Can we discuss American Arrogance?

iVillage Member
Registered: 03-26-2003
Can we discuss American Arrogance?
Sun, 03-30-2003 - 5:11pm
I saw a post on another site from a English man who is in the USA working and his wife (French) is also working here. He politely asks for insight about the American working culture/mindset. He says things here are very different from any country he has worked in and gives examples of fast-paced rudeness, being concerned about material things, and although he likes the USA and has many friends here he said he senses an arrogance sometimes that bothers him.

Now, I don't want to start a FIGHT, and we all know that European countries have their own problems. But one person who says s/he is proud to be an American nonetheless responds as follows and I wanted to get your thoughts. Personally, I see a lof of truth in this post:


I, too, love being an American. I'm in my early 50s, seen and experienced a lot in the "working world".

The ‘average' middle class American worker is spoiled, and so were their parents. It's all about the almighty dollar, greed, getting more money, faster-faster, so they can have more clothes, nicer cars and house and impress themselves and their friends and co-workers.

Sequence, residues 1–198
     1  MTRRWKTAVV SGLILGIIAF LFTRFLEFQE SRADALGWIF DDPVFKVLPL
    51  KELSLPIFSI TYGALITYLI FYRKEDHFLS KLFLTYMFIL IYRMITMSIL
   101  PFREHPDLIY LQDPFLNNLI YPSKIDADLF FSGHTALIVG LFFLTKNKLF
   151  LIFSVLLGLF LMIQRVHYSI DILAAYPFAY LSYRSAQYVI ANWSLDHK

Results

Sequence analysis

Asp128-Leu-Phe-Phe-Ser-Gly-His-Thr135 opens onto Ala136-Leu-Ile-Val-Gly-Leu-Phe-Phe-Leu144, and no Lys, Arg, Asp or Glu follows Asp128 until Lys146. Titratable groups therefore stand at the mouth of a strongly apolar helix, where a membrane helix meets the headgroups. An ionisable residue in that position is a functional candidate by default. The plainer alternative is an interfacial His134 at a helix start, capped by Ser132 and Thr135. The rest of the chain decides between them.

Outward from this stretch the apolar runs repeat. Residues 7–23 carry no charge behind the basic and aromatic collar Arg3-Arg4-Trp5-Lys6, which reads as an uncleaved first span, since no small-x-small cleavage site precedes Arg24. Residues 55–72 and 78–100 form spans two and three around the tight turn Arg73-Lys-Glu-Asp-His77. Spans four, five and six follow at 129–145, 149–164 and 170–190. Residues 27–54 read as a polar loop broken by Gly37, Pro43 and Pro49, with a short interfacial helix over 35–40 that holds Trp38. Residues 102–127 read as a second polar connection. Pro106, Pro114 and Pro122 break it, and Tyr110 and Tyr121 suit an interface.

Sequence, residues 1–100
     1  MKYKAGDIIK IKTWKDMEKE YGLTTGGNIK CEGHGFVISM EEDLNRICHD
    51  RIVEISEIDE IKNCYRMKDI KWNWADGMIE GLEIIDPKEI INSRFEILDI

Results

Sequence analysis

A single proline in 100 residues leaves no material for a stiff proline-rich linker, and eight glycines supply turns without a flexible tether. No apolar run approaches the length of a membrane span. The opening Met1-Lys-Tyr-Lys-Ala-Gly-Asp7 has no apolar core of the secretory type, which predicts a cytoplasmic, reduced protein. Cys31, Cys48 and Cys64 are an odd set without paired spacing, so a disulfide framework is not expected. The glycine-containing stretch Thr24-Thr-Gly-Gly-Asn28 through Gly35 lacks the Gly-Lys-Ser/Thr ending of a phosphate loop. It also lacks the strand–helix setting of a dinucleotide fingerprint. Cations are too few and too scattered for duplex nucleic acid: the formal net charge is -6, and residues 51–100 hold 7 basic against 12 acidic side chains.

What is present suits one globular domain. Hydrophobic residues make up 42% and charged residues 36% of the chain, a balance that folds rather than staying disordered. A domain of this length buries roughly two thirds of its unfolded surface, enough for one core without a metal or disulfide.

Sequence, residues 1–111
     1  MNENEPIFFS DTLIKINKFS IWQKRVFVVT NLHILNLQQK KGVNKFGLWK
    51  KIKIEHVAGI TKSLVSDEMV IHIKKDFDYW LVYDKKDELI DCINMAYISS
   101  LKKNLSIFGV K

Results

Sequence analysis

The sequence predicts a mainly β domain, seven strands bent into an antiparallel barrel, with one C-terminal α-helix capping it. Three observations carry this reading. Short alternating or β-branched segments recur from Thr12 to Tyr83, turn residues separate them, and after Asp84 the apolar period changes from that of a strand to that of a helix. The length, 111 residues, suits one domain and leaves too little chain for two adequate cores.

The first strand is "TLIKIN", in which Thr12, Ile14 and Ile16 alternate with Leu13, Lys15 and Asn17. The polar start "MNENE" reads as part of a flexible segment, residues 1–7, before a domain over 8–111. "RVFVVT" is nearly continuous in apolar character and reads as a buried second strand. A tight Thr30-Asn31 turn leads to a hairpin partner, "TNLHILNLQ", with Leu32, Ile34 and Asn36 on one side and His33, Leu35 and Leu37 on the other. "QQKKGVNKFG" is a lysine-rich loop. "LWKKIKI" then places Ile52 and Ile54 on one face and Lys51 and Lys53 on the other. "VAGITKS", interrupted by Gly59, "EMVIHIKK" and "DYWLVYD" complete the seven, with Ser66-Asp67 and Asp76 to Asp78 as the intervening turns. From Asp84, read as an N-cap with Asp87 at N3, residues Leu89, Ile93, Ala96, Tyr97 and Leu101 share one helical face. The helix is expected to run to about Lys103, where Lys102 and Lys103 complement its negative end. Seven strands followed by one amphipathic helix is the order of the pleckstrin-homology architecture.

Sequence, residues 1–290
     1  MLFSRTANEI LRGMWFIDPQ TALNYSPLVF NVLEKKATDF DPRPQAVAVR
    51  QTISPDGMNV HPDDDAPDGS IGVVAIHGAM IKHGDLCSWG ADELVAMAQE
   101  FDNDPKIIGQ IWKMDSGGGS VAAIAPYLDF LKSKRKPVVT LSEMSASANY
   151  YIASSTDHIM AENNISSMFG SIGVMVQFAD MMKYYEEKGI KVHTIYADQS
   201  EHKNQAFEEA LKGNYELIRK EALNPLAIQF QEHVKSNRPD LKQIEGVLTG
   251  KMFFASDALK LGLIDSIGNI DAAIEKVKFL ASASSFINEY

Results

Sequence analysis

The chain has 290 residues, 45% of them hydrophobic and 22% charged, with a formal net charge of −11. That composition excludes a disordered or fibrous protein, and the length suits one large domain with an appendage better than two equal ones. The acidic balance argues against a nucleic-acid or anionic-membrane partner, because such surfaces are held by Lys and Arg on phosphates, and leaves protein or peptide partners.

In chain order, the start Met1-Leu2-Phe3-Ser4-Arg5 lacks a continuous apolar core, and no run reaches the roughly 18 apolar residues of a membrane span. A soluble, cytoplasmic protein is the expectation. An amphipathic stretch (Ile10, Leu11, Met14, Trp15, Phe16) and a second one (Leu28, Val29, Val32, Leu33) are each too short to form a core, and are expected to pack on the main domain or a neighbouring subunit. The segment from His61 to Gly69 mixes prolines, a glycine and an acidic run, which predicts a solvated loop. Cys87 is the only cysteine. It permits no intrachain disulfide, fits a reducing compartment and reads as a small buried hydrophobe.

The average American has no clue about what "hard work" really is. To them hard work is a long commute, going into an office, turning on a computer, flipping thru some papers, being inconvenienced because the 6 voice mails they got made them late to a lunch date. A tough day is finding out the car needs a brake job then going to a meeting that didn't go exactly the way they wanted it to, then going home and having to cook a meal an ddo laundry all on the same evening.

They whine and complain about having to wait a couple weeks to find out if they got that promotion, even though many people would LOVE to have ANY job that allows them to survive and feel like a decent human being. They are too "busy" playing office politics and feathering their own nests.